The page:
Rutland Winter Farmers Market: See April 5, 10 a.m.-2 p.m. WASHINGTON Kids Trade & Play: Families exchange clean and gently-used clothing and toys, size newborn to 12. Capital City Grange, Berlin, 9:30-11:30 a.m. $3 per family. Info, 831-337-8632. Vermont Scholastic Chess Championships: Checkmate! Players of all abilities sit down for strategy games focusing on fun and sportsmanship. Grades K-12, in nine divisions. Register between 8:30-9:30 a.m.; games begin at 10 a.m. Berlin Elementary School, 9 a.m.-3 p.m. $12-20 per player; free to spectate; preregistration encouraged. Info, 223-1948. WINDSOR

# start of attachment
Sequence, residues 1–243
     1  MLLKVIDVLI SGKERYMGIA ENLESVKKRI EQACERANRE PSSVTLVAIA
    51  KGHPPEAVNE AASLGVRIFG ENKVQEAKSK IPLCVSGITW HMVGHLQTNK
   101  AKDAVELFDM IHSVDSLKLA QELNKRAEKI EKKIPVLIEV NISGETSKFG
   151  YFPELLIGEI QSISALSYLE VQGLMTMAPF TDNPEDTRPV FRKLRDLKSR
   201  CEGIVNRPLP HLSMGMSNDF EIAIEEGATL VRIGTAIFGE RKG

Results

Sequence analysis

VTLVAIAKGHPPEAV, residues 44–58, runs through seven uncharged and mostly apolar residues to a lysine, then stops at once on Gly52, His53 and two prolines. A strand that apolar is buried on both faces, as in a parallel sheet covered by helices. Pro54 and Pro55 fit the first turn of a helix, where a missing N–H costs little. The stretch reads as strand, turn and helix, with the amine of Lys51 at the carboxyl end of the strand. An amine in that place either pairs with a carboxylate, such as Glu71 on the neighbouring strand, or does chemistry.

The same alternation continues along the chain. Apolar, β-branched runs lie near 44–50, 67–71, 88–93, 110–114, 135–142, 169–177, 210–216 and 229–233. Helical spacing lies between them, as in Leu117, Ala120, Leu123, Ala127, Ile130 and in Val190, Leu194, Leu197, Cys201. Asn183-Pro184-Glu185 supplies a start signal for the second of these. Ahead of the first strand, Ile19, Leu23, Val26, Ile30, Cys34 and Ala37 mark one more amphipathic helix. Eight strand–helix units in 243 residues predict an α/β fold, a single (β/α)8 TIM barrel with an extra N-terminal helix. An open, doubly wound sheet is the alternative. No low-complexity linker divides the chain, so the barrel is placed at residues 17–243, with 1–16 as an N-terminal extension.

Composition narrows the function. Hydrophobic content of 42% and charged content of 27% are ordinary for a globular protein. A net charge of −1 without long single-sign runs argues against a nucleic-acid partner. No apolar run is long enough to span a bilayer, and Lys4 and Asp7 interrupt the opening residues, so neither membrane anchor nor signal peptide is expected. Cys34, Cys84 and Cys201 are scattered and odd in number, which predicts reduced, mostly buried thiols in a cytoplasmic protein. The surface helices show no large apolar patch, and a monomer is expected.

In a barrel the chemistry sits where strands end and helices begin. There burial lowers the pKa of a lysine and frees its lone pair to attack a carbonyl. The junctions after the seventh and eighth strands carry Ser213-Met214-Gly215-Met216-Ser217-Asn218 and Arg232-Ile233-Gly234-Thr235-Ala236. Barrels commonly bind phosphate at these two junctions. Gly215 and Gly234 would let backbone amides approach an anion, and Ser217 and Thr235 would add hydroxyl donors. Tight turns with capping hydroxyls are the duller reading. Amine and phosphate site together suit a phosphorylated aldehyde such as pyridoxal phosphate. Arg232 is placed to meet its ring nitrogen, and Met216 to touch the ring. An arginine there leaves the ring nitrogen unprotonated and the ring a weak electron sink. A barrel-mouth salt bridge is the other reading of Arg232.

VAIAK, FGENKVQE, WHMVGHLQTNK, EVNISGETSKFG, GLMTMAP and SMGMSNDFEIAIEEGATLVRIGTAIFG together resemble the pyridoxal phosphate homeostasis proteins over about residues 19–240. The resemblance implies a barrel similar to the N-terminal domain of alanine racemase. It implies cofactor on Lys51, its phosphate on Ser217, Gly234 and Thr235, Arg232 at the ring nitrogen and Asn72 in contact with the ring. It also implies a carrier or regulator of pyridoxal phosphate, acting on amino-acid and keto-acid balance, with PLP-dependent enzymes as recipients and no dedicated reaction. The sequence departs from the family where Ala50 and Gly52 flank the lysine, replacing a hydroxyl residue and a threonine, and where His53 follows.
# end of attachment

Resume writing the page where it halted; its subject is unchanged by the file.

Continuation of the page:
Dance, Sing & Jump Around: A lively intergenerational afternoon includes traditional dances with instruction and live music, followed by a soup and bread dinner. Ages 4 and up. Plainfield Town Hall Opera House, 3-4:30 p.m. $5 suggested donation; free for children. Info, 223-1509.
10 Monday Passover Begins CALEDONIA
Hardwick Music & Movement for Preschoolers: Educator Emily Lanxner gets the beat going with creative storytelling, movement and rhythm. Geared towards preschoolers, but all are welcome. Jeudevine Memorial Library, Hardwick, 10 a.m. Info, 472-5948. FREE CHITTENDEN